ALA, BCALA respond to destruction of Michael Brown, Jr. Memorial Tree

For Immediate Release
Mon, 04/20/2015

Contact:

Macey Morales

Manager Media Relations

Public Information Office

mmorales@ala.org

CHICAGO – On Saturday, April 18, the Black Caucus of the American Library Association (BCALA) dedicated a living memorial tree and stone monument to the City of Ferguson, Missouri.  The tree was planted in January-Wabash Park with a monument stone at its base honoring slain teen Michael Brown, Jr. 

The City of Ferguson and BCALA held a formal dedication ceremony at the site, which honors the memory of Brown, an unarmed teenager who was fatally shot by Ferguson police officer Darren Wilson on Aug. 9, 2014. Brown’s shooting became the catalyst for a national movement aimed at holding police accountable for their use of force – including deadly force – against citizens, especially African Americans and other minorities.

Less than 24 hours after the dedication ceremony, the tree was found cut in half and the memorial stone was stolen.

American Library Association (ALA) President Courtney Young and BCALA President Kelvin A. Watson released the following joint statement regarding the destruction of the living monument and how this action impacts future attempts to honor Brown. 

“We are saddened that such a heartfelt gift from the library community was not met with acceptance. The living monument was to serve as a symbol of peace, comfort, and hope for all those who gather under its branches. Our hope was that as the tree matured it would represent the growth of unity within Ferguson.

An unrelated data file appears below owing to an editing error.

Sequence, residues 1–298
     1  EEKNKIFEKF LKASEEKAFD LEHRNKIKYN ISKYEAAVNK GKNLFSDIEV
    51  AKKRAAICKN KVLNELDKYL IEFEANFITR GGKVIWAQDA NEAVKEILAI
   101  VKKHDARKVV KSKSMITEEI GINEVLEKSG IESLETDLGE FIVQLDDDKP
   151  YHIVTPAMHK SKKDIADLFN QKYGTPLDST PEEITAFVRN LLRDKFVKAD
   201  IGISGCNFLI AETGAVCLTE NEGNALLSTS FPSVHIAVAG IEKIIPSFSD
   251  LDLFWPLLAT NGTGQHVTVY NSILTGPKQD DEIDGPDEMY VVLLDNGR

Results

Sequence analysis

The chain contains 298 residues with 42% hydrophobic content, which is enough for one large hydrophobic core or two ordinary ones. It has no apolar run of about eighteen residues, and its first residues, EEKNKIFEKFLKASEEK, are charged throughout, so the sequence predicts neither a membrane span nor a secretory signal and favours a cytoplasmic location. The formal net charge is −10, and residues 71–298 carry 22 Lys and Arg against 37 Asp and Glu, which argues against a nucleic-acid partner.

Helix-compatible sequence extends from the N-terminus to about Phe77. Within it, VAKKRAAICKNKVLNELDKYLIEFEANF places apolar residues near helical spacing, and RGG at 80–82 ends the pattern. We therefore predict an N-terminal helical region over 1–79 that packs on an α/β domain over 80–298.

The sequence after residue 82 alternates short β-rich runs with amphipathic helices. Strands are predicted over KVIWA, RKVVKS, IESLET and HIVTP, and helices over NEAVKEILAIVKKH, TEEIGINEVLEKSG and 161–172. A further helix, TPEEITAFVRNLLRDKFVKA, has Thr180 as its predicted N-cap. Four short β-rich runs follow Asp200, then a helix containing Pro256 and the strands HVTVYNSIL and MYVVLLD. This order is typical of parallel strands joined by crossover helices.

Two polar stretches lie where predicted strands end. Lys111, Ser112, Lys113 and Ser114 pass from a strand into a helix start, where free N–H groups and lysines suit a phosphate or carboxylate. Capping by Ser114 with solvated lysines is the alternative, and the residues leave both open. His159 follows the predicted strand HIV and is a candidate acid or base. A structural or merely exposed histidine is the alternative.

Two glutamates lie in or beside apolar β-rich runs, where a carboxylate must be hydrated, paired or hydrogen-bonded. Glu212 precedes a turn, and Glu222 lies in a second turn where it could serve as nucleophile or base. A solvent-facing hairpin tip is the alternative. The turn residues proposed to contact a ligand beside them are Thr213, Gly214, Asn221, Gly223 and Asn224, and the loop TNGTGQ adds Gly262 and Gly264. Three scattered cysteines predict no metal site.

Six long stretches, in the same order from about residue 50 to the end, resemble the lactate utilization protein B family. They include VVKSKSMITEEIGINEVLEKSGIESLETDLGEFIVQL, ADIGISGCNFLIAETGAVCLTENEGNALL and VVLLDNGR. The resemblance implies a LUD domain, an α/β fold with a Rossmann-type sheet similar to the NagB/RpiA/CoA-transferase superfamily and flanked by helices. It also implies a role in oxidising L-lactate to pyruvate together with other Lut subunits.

“This incident will not deter the library community.  As information providers we understand that in order for society to move forward we must learn from our history.  This act of vandalism illustrates that there are member(s) of the community who wish not to honor and learn from its history, but to continue to repeat the mistake of violence and intolerance. 

“Many things have been destroyed in Ferguson, but the death of the tree has not abolished our commitment to facilitate a positive growth within the community. We will not give up on Ferguson and will continue to promote peace and tolerance.”  

About the BCALA
BCALA is a nonprofit organization for different areas of librarianship, including school, public, academic, and special, with national and international membership.  It also provides game-changing leadership for the recruitment and development of African-American education and information professionals. It is one of five American Library Association ethnic affiliates and advocates for promoting and improving library services to diverse populations and communities of color. In addition, BCALA has sponsored a Literary Awards for African American authors since 1994 and is also a sponsor of the prestigious Coretta Scott King Book Award.

About the American Library Association
The American Library Association (ALA), the voice of America’s libraries, is the oldest, largest, and most influential library association in the world. Its approximately 56,000 members are primarily librarians but also trustees, publishers, and other library supporters. The Association represents all types of libraries; its mission is to promote the highest-quality library and information services and public access to information.